Adina Sommer`s Rare Antique Maps and Contemporary Art

America Septentrionalis…

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Article ID AMU105
Artist Homann Erben (1724-1780)
Johann Babtiste Homann (1664-1724) was born in Oberkammlach, the Electorate of Bavaria. Although educated at a Jesuit school, and preparing for an ecclesiastical career, he eventually converted to Protestantism and from 1687 worked as a civil law notary in Nuremberg. He soon turned to engraving and cartography; in 1702 he founded his own publishing house. Homann acquired renown as a leading German cartographer, and in 1715 was appointed Imperial Geographer by Emperor Charles VI. Giving such privileges to individuals was an added right that the Holy Roman Emperor enjoyed. In the same year he was also named a member of the Prussian Academy of Sciences in Berlin. Of particular significance to cartography were the imperial printing privileges (Latin: privilegia impressoria). These protected for a time the authors in all scientific fields such as printers, copper engravers, map makers and publishers. They were also very important as a recommendation for potential customers. In 1716 Homann published his masterpiece Grosser Atlas ueber die ganze Welt (Grand Atlas of all the World). Numerous maps were drawn up in cooperation with the engraver Christoph Weigel the Elder, who also published Siebmachers Wappenbuch. Homann died in Nuremberg. He was succeeded by the Homann heirs company, which was in business until 1848. The company was known as Homann Erben, Homanniani Heredes, or Heritiers de Homann abroad.
Title America Septentrionalis…
Year dated 1756
Description map of the eastern coast of North America.
The discovery of America signifies the first sighting of the American continent by seafarers. Before Columbus' arrival in 1492, North America may have had more inhabitants than Europe at that time. In 1497, the Genoese John Cabot (actually: Giovanni Caboto) was the first European to set foot on North American soil since the Vikings. However, no permanent settlements were established for the time being. St. Augustine in Florida, founded by the Spanish in 1565, is considered the first city on the North American mainland and is also the oldest city in the United States. In the European conquest of North America, four states stood out, each of which facilitated the seizure: England was under pressure to emigrate, in part because of religion, and thus was able to represent the largest group numerically. France had special skills in dealing with indigenous peoples, which later led to the only mixed ethnic group, the Métis .Netherlands had the financial resources to establish colonies in North America. Spain had enormous military potential because of its battle experience. In 1604, the King of England, James I, divided his North American colonies as follows: The area from the 1st to the 41st parallel is said to be settled by the Virginia Company of London, the area from the 41st to the 45th degree by the Plymouth Company. 1607 is considered the founding year of the first permanent colony of English settlers on the east coast of America. There was a collision between three cultures: Indians, white settlers and slaves from Africa. In that year, the first settlers from England landed at Jamestown, followed by the (better known) Pilgrims on the Mayflower in what is now the state of Massachusetts. These could find shelter directly in the abandoned Indian settlements. The coastal Indians were now ready to cooperate and had established Plymouth the English gateway to North America.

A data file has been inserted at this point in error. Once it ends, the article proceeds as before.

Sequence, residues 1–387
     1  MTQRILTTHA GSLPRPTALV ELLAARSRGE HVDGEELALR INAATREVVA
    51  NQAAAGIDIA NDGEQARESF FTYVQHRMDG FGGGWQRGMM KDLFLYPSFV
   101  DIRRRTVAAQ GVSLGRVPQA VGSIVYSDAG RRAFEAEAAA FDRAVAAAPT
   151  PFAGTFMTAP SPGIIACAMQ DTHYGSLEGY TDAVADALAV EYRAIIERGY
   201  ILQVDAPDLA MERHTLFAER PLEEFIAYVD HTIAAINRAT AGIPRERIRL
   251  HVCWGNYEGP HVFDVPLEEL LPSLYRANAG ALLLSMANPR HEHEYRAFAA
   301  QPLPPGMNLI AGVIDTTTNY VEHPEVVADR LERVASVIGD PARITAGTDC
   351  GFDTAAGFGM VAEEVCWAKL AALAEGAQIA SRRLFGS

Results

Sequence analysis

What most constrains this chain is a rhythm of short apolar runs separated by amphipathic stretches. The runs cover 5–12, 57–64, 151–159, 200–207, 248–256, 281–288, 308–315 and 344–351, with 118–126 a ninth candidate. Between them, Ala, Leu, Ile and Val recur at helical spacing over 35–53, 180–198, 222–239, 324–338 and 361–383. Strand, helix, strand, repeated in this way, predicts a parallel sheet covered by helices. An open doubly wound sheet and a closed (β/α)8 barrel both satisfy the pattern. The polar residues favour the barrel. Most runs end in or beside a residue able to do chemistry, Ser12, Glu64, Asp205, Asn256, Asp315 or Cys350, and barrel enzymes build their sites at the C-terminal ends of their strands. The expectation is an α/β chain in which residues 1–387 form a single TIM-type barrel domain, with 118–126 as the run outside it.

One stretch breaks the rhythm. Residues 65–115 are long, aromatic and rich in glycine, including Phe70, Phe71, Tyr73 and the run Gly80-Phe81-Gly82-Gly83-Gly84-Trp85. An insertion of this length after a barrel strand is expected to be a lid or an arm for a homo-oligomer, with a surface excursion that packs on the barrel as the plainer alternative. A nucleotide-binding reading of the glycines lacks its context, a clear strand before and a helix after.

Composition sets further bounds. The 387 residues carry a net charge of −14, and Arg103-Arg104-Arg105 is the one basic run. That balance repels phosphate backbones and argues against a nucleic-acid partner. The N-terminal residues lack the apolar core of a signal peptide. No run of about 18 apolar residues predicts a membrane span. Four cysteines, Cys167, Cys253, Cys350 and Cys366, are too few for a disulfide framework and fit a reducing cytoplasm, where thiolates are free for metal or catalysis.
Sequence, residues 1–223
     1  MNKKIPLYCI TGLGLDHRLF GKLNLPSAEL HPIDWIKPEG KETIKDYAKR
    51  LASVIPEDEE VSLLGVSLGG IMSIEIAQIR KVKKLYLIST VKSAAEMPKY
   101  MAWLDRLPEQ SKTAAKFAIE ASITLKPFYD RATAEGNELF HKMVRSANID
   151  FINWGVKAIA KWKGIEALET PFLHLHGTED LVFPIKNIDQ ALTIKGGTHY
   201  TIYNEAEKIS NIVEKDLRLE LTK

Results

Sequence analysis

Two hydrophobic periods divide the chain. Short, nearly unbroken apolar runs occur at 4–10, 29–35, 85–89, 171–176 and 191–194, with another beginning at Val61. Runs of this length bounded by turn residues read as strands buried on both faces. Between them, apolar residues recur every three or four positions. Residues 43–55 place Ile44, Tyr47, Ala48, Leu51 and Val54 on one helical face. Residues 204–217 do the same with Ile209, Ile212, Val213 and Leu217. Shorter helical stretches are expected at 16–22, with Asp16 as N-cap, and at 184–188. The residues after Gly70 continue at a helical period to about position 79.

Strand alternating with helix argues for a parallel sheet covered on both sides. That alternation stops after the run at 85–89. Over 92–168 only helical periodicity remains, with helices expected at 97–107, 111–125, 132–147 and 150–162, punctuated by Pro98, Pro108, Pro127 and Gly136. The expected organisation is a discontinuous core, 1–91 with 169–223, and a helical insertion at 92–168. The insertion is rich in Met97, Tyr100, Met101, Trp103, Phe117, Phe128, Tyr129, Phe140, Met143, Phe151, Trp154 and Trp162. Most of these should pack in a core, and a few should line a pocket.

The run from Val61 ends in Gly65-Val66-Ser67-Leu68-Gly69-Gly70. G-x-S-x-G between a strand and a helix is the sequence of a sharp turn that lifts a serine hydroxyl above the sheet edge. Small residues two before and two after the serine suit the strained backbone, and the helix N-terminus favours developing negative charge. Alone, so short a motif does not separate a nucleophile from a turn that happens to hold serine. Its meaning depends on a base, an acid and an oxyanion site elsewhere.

Place of Publication Nuremberg
Dimensions (cm)47,5 x 52,5
ConditionVery good
Coloringoriginal colored
TechniqueCopper print

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